Demographics of Chicago

During its first century as a city, Chicago grew at a rate that ranked among the fastest growing in the world. Within the span of forty years, the city's population grew from slightly under 30,000 to over 1 million by 1890. By the close of the 19th century, Chicago was the fifth largest city in the world.[1] Within fifty years of the Great Chicago Fire of 1871, the population had tripled to over 3 million.[2]


Historical population
Census Pop.

As of the 2010 United States Census, there were 2,695,598 people and 1,194,337 households residing within the city limits of Chicago. More than half the population of the state of Illinois lives in the Chicago metropolitan area. The 2000 United States Census had shown the population density of the city itself was 12,750.3 people per square mile (4,923.0/km²), making it one of the nation's most densely populated cities. There were 1,152,868 housing units at an average density of 5,075.8 per square mile (1,959.8/km²). Of the 1,061,928 households in the 2000 census, 28.9% had children under the age of 18 living with them, 35.1% were married couples living together, 18.9% had a female householder with no husband present, and 40.4% were non-families. The median income for a household in the city was $38,625 in 2000, and the median income for a family was $46,748. Males had a median income of $35,907 versus $30,536 for females. Below the poverty line were 19.6% of the population and 16.6% of the families.

Racial and ethnic makeup

While most of Chicago and its surrounding residential areas are generally regarded as being somewhat racially segregated, the city's unique culture arises from its being a melting pot, with nearly even percentages of European Americans, African Americans, and Latinos as well as sizable populations of Asians. The White, Black and Hispanic communities extend radially outward from the center of the city. The racial makeup of the city in 2010 was 45.3% white (31.7% non-Hispanic white), 32% black, 5% Asian, and 3% from two or more races. The ethnic makeup of the population is 28% Hispanic and 72% belong to non Hispanic background.[3]

In 2000, 21.7% of the population was foreign born; of this, 56.3% came from Latin America, 23.1% from Europe, 18.0% from Asia and 2.6% from other parts of the world.[4] Chicago has the fifth highest foreign-born population in the United States.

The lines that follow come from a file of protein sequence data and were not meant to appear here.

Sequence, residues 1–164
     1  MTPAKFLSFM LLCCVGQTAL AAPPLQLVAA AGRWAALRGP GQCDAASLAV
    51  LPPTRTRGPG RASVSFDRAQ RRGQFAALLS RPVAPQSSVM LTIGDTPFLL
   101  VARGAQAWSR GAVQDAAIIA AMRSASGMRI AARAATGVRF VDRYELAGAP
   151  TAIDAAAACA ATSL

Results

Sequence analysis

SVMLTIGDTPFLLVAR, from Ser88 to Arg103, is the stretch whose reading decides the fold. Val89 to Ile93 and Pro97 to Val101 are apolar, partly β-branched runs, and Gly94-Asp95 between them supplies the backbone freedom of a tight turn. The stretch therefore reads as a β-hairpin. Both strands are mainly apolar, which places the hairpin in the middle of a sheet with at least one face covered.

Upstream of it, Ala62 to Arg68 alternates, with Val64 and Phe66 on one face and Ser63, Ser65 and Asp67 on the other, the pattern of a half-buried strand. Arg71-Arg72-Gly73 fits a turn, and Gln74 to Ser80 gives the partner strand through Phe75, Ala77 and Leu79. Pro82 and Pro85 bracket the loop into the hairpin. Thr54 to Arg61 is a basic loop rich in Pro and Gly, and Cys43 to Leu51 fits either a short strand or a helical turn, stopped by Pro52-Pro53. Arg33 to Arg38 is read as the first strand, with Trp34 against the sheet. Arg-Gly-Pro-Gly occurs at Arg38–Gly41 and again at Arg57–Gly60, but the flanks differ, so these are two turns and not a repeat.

In 2016, the population of Hispanics exceeded that of Blacks to become Chicago's second largest minority group with non-Hispanic Whites representing 32.6% of the population, Hispanics at 29.7% of the population, and Blacks at 29.3% of the population.[5] The large Hispanic population is rather recent, with the segregation between Hispanics and non-Hispanic Whites being low when compared to Blacks and non-Hispanic Whites. Over the years neighborhoods have seen gradual ethnic change with White ethnic neighborhoods like Brighton Park transitioning to Hispanic, while former Latino neighborhoods like West Town transition to majority non-Hispanic White.

The vast majority of Chicago Hispanics are of Mexican descent. As of the 2010 Census, 578,100 residents of the City of Chicago, had full or partial Mexican origins.[6]

The Chicago metropolitan area has the third largest African American population, behind only New York City and Atlanta.

African American Population by Census Tract in Chicago, IL (2011)
Thematic map of African American population centers.

The main ethnic groups in Chicago include Irish, German, Italian, Mexican, Assyrian, Arab, Bangladeshi, Jews, English, Bosnian, Croatian, Bulgarian, Czech, Greek, Black, Korean, Chinese, Indian, Filipino, Lithuanian, Macedonian, Montenegrin, Albanian, Pakistani, Polish, Hungarian, Romanian, Russian, Serbian, Slovak, Swedish, Ukrainian, Dutch, Belgian, Cuban, Vietnamese, and Puerto Rican. Chicago is also home to 30,000 natives of Iran (mostly Azeri).